Going Beyond "The West" and "The Rest"
Conducting Non-Western, Non-native Ethnography
in Northern Thailand
Camera and notebook in hand, "the anthropologist" is looking for the
savage, but the savage has disappeared.
One reason for the disappearance of "the savage" is that he (or in this case "she") is now taking on the role of anthropologist and assuming multiple levels of familiarity that are transforming the relationship(s) of the observer to the observed. The ethnographer is no longer obviously distinguishable from her subjects, having emerged herself from the colonial, political, and historical morass that has come to define the non-West. In my experience as a Malaysian ethnographer of rural Thailand, fieldwork created certain moments of intellectual and social tension that served both to underscore the "savageness" of my own identity and to dissolve the significance of the native–Westerner distinction altogether. These tensions produced insights and observations that rested uneasily in the world of the village and in my own world, leading in turn to new spaces of significance for this anthropologist to ponder.1 In this chapter I tease out moments of cultural overlap and dissonance, some expected, some unexpected. I also explore how research subjects themselves contribute to the construction of the anthropologist's relationship to the field.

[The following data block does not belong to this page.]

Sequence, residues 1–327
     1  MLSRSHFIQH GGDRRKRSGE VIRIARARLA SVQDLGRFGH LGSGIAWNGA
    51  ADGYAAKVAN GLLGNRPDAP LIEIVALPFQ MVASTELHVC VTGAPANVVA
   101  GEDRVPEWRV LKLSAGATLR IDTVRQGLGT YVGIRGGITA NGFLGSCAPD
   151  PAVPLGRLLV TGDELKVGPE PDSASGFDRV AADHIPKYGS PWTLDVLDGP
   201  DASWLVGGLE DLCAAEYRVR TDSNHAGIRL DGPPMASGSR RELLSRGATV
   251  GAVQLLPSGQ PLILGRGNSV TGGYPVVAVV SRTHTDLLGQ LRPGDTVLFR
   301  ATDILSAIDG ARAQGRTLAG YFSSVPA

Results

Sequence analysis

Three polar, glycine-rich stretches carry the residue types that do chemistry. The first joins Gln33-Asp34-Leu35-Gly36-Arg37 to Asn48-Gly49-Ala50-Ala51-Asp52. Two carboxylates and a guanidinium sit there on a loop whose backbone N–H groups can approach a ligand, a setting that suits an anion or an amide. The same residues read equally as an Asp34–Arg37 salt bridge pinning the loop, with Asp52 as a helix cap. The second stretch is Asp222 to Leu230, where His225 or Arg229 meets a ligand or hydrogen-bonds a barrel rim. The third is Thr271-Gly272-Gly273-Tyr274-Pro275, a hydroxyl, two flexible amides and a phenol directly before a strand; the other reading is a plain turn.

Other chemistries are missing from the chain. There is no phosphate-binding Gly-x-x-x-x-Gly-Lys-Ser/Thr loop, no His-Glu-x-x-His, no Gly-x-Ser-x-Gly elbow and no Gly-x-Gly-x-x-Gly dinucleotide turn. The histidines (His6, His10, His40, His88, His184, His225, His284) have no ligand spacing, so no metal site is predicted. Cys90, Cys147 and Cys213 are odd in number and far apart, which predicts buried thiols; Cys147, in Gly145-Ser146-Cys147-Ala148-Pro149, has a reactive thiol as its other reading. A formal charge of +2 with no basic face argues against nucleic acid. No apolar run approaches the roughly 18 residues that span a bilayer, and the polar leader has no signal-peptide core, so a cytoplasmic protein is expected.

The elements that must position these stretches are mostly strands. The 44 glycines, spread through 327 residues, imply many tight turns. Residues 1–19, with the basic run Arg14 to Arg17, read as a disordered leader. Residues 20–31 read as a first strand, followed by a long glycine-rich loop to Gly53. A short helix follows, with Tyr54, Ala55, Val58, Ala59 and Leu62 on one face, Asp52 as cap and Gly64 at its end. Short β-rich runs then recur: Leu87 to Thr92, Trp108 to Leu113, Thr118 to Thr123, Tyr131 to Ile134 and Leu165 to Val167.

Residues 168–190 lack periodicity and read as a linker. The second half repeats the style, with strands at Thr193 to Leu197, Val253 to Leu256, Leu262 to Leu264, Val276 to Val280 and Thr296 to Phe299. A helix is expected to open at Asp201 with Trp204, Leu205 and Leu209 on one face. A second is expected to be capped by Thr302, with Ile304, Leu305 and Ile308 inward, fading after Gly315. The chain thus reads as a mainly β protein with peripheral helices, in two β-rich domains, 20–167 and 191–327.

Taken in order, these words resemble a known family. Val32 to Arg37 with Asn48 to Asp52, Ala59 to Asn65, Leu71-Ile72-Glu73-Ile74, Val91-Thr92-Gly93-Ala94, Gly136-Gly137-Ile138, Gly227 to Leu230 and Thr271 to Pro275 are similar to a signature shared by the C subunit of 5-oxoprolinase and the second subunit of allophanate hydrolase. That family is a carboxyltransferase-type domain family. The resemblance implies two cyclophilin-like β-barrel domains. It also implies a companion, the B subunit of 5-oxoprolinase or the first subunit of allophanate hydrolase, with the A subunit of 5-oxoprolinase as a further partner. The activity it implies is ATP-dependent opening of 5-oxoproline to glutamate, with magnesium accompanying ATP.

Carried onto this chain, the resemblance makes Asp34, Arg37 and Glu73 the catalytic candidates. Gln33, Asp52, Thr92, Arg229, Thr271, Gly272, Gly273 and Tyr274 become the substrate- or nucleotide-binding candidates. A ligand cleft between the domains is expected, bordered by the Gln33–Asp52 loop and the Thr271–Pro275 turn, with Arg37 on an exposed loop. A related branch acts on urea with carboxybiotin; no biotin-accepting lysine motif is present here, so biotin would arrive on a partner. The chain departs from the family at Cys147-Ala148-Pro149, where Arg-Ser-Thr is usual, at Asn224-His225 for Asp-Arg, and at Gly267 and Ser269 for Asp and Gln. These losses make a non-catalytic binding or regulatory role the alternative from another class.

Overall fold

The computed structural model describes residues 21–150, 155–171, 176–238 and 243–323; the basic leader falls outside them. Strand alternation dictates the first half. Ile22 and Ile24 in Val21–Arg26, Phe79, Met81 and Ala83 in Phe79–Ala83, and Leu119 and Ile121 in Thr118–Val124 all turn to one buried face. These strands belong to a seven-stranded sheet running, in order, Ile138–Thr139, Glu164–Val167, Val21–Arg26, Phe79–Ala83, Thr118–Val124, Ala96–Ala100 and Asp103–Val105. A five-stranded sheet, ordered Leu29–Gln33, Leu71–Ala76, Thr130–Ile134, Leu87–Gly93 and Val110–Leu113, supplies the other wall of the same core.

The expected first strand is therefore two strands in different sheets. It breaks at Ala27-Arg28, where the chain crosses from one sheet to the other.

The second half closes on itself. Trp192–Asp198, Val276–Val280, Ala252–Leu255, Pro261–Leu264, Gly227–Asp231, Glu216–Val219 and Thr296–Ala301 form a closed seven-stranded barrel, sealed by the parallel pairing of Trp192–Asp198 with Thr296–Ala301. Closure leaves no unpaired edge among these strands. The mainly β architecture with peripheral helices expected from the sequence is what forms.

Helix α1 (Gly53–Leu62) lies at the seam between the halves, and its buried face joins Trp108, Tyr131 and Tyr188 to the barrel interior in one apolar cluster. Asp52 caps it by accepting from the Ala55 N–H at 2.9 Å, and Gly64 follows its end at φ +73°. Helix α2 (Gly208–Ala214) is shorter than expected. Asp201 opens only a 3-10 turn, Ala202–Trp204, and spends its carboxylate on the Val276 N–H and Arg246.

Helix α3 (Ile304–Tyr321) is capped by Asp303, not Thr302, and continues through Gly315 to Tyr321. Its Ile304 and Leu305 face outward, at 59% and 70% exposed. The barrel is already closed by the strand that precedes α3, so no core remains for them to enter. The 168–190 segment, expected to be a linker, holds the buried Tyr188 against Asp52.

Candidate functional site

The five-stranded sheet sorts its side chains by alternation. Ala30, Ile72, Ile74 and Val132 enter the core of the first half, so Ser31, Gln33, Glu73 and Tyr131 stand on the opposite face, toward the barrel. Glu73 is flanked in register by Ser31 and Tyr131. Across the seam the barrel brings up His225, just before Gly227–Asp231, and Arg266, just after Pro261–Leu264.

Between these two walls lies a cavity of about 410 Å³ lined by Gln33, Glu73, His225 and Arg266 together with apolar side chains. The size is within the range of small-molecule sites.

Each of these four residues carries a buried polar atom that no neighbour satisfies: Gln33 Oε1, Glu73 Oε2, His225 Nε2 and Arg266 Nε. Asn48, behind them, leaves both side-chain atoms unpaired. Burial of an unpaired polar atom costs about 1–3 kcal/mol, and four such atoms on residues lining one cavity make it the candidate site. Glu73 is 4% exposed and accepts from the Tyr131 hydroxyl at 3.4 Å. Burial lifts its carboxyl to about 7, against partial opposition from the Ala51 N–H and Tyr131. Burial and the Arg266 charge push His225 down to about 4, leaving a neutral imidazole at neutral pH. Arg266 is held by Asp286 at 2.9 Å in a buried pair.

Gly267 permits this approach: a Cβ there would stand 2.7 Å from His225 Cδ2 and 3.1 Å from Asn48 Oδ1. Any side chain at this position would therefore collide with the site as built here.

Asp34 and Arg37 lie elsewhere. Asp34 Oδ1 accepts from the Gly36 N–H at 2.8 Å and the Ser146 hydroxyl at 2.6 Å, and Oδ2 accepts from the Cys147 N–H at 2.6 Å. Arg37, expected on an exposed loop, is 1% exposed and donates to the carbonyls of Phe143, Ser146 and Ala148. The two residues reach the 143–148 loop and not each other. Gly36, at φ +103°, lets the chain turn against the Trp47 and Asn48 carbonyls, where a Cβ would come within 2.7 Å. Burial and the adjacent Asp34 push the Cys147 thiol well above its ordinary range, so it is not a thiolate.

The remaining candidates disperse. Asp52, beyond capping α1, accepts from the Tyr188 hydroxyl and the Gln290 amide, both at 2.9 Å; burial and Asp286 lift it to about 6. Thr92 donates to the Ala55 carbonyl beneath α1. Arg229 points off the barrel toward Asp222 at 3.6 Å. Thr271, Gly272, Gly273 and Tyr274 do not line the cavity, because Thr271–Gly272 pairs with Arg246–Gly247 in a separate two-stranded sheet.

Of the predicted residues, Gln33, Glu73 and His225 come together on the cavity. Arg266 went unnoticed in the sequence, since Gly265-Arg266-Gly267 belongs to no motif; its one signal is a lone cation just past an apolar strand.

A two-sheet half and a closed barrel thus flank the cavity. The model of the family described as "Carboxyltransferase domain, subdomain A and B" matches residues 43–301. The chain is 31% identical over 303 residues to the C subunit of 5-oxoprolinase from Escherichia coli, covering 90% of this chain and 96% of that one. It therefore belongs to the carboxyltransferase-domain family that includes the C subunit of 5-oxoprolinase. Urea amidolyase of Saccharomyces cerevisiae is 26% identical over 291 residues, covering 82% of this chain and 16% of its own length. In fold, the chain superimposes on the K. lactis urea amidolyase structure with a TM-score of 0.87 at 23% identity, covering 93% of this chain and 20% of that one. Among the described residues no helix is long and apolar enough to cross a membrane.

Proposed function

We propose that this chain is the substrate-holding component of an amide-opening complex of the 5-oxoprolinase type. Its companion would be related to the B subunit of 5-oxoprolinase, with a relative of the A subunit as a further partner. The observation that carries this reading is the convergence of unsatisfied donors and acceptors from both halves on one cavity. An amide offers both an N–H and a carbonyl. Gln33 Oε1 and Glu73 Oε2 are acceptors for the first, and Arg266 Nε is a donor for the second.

Previous ethnographies on Thailand have emphasized conformity and stability, 2 thereby shaping my pre-fieldwork vision of Thai villages as spaces of logically patterned behaviors and attitudes. Imagine my surprise, and indeed outright confusion, when I encountered instead a research site that seemed to me out of focus, a space of constant and multiple movements, positionings, and posturings. Also, the "facts," the logic, and the reasoning given to me by villagers about their lives seemed